Holy Week Reflection: Monday

By Matthew Paul Buccheri

37When he came near the place where the road goes down the Mount of Olives…the whole crowd of disciples…began joyfully…to praise God in loud voices for all the miracles they had seen:
38”Blessed is the king who comes in the name of the Lord!”
“Peace in heaven and glory in the highest!”

39Some of the Pharisees in the crowd said to Jesus, “Teacher, rebuke your disciples!”

40 “I tell you,” he replied, “if they keep quiet, the stones will cry out.”

In the ancient world, especially in Rome, when a king was about to enter the imperial city, the citizens beneath his rule, would have rushed out to meet his procession. This means that thousands of people would gather to celebrate the homecoming of their king. And as the king’s procession would draw near the imperial city, the celebration, well, the celebration would grow more and more intense: The cheers would become thunderous; the hands of all the people would be raised in the air; and all those who were present would praise the coming of their king. Yet interestingly, you didn’t have to like the king, or agree with the king to be there to greet him–since not showing up to greet him would demonstrate a great disrespect for the king

There’s a great picture of this in the movie The Gladiator. When Commodus the king–the king that no one cared for and the king that no one respected–well, when he entered the imperial city, thousands of people still turned out to greet him, whether they loved him or not. And I think that’s something like the picture that Luke has painted for us in this passage.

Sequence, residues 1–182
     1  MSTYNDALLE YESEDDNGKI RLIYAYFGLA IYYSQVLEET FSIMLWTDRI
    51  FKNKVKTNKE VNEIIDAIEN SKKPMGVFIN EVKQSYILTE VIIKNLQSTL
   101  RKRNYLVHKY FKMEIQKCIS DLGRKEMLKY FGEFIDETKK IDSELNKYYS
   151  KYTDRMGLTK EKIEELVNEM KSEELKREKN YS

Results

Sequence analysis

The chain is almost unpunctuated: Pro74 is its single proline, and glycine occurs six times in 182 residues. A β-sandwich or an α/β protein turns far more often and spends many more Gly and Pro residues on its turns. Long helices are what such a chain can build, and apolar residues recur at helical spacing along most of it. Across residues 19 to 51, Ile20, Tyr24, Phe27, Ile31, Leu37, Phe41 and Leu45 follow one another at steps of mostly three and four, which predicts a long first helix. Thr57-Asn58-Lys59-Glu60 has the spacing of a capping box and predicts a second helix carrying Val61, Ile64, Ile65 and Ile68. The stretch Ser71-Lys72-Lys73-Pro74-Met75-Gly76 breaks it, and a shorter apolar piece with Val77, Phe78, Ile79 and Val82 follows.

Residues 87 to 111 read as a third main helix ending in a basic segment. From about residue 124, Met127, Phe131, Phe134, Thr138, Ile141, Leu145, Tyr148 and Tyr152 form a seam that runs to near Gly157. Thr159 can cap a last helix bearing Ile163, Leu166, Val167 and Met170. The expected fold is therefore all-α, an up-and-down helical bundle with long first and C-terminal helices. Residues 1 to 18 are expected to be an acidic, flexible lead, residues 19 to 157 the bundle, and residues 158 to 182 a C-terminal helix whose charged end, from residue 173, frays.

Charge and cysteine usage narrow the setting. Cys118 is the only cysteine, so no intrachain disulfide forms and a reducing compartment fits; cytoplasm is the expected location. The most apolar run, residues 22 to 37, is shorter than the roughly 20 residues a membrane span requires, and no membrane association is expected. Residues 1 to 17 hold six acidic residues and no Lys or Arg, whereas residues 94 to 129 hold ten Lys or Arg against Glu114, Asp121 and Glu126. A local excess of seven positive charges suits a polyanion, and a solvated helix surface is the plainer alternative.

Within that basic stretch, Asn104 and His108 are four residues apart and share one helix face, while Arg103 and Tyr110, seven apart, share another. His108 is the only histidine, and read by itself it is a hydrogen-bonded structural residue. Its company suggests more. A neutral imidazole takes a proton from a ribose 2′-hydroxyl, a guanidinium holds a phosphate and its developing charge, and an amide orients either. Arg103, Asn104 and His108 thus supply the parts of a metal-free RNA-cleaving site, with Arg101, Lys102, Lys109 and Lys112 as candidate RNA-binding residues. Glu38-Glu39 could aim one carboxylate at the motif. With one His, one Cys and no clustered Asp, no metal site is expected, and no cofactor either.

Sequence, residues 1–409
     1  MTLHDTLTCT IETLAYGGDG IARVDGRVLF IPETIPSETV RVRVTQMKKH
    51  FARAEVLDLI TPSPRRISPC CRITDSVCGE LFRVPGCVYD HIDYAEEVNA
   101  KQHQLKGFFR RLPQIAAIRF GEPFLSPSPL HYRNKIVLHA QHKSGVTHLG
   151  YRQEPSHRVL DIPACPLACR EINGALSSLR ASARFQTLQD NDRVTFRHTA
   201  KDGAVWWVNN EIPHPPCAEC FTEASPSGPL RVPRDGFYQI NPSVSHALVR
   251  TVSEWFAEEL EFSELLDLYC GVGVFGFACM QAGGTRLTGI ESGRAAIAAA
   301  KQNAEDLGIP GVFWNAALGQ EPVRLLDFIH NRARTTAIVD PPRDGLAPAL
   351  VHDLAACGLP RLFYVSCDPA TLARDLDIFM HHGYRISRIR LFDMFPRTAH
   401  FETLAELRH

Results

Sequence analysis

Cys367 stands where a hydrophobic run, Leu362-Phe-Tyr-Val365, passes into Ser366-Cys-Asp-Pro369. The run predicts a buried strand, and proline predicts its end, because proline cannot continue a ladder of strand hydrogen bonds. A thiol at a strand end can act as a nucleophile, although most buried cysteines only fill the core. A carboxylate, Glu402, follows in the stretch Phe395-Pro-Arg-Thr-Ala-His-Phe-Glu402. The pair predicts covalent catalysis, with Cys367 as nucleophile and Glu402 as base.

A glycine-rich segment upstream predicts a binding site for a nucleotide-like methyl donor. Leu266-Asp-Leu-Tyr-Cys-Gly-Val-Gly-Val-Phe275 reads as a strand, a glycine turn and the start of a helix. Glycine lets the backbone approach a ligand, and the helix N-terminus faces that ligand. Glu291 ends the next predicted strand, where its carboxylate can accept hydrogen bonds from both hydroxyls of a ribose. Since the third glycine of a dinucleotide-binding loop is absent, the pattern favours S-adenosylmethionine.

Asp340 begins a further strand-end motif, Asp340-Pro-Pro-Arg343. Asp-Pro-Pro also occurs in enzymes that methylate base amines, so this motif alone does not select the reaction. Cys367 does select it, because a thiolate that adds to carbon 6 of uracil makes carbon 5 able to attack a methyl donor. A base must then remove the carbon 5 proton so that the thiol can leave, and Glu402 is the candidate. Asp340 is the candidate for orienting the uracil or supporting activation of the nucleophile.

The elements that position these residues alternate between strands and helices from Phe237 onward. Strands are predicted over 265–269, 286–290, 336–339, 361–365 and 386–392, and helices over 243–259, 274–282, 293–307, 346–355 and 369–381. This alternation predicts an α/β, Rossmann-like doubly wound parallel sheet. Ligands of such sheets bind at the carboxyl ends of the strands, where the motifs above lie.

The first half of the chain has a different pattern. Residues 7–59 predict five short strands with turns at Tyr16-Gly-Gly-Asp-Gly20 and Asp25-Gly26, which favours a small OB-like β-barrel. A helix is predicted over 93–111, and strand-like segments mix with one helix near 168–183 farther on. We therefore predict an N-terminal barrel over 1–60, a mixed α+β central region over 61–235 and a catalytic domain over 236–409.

You see, as Jesus entered the holy city, he was met by cheering crowds who recognized him as the coming King. But he was also met by those who weren’t too happy that the celebration was taking place.

What do crying stones or shouting rocks have to do with Jesus being the King?

Now, if you’re anything like me, when you heard the answer that Jesus gave the Pharisees (those people in the narrative who were less than celebratory and the people who wanted to see the celebration come to an end) well, Jesus’ answer probably threw you for a loop. I mean, it probably made you scratch your head and ask yourself, “What do crying stones or shouting rocks have to do with Jesus being the King?” Quite honestly, EVERYTHING!

You see, ever since the beginning of time, the world, the cosmos, the universe, recognized its Creator-King. But what’s more, the cosmos always knew, and had little doubt, that there would come a day, a day that would be unlike any other day: The day that all things would be renewed. And that day would be the same day that the universe’s King would take his throne.

You see, this week we celebrate the enthronement of the King. Except this King’s crown would be made of thorns; and this King’s throne, would be nailed to him, and he would hang on it for six long hours. And at the very last moment of this King’s life, the rocks would indeed cry out.

Now, Matthew tells us about that moment at the end of his Gospel where we read this: “And when Jesus had cried out again in a loud voice, he gave up his spirit. And at that moment the curtain of the temple was torn in two from top to bottom. And the earth shook and the rocks split.

You see, at the very moment when the King of the Universe breathed his last breath, the universe, the cosmos, the created realm screamed at the top of its lungs when the earth shook and the rocks split.

Yet somehow I don’t think that those screams were wales of mourning. Instead, I believe that they were the first shouts of joy, the first celebratory cries, as the universe began to realize–at that very moment–that everything was beginning to be set free from its bondage to decay! Amen.